Being in a service focused industry, it’s hard to learn that “no” is an acceptable answer. When people don’t accept that answer, things can really start to get stressful. Am I right?
Ask yourself, what do you owe this person? What are they asking for, why can’t you accommodate, and what can they do to help themselves? You cannot control their reaction, but you can certainly control yours and educate them with answers to the above questions as you deliver a response.
“The customer is always right” is a very dated way of thinking.
Of course, you want to have happy customers, but what does that mean? Will their happiness result in achieving shared goals? Will they come back and buy more services as a result of this short sighted request? If you do this one thing, will they be able to help themselves with the next thing? Better yet, do they expect you to?
Successful partnerships extend beyond an exchange of goods or services. They are built on solving a need and achieving goals. They are strengthened by building trust, and they last by maintaining a healthy relationship.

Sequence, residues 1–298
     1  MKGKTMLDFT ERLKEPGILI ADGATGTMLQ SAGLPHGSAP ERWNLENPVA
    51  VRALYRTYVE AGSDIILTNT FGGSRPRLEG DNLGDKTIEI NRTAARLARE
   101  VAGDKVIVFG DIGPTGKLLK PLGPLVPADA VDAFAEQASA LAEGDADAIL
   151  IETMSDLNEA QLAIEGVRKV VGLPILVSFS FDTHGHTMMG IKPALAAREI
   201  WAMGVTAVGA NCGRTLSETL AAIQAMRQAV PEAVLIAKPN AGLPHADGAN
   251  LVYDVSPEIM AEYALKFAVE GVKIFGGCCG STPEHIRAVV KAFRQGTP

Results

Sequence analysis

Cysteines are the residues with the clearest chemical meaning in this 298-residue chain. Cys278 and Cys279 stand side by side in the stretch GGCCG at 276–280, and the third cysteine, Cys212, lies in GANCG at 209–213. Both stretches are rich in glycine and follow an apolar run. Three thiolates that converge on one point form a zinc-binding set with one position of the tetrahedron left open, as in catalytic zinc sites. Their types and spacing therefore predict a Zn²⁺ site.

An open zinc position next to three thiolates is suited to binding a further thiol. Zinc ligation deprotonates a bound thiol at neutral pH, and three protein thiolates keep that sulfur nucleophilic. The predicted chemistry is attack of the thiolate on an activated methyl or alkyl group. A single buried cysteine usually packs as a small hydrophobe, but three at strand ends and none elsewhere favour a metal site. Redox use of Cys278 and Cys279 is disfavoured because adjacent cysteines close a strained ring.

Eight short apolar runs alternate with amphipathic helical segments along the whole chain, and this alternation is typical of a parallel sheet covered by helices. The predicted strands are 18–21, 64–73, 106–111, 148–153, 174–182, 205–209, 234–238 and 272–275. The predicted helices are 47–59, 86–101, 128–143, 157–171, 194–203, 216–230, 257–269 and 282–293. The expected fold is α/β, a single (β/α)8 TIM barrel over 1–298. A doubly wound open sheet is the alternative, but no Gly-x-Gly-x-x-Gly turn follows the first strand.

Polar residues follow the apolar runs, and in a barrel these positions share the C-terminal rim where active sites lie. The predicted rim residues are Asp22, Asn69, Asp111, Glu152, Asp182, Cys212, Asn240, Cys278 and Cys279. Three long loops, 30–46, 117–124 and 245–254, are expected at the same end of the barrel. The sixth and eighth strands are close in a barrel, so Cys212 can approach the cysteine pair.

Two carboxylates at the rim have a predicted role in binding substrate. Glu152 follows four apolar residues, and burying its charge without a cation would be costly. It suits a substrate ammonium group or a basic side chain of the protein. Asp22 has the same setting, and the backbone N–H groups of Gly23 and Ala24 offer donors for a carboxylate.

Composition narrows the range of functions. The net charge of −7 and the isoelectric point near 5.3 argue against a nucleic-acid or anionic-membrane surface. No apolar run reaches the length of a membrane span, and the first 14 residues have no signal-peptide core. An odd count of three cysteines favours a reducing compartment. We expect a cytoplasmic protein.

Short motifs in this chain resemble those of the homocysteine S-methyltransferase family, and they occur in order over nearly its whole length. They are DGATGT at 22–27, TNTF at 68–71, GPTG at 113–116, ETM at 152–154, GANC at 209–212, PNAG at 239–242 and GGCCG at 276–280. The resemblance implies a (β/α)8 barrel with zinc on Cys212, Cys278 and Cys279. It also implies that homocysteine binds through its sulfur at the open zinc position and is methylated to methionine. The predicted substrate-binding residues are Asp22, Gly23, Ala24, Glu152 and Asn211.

Let me say that again, “A healthy relationship.”
As everyone should know, healthy relationships include boundaries. What kind of requests are in scope, and where do you need to level set expectations? If someone refuses to respect the boundaries of a partnership, the relationship will not be successful. Accommodating requests will compound and create an altered picture of the boundaries of said relationship. At that point, the cost of the relationship will exceed the benefits and you are better off parting ways.
So, the customer is not always right. They might be unhappy as you establish boundaries and tell them “no,” but rest assured they still need you. Why else would they have become a customer in the first place? If they don’t need you, the relationship is fleeting anyway.
Make sure the relationship is worth it, and if you are accommodating something, make sure it doesn’t become a trend.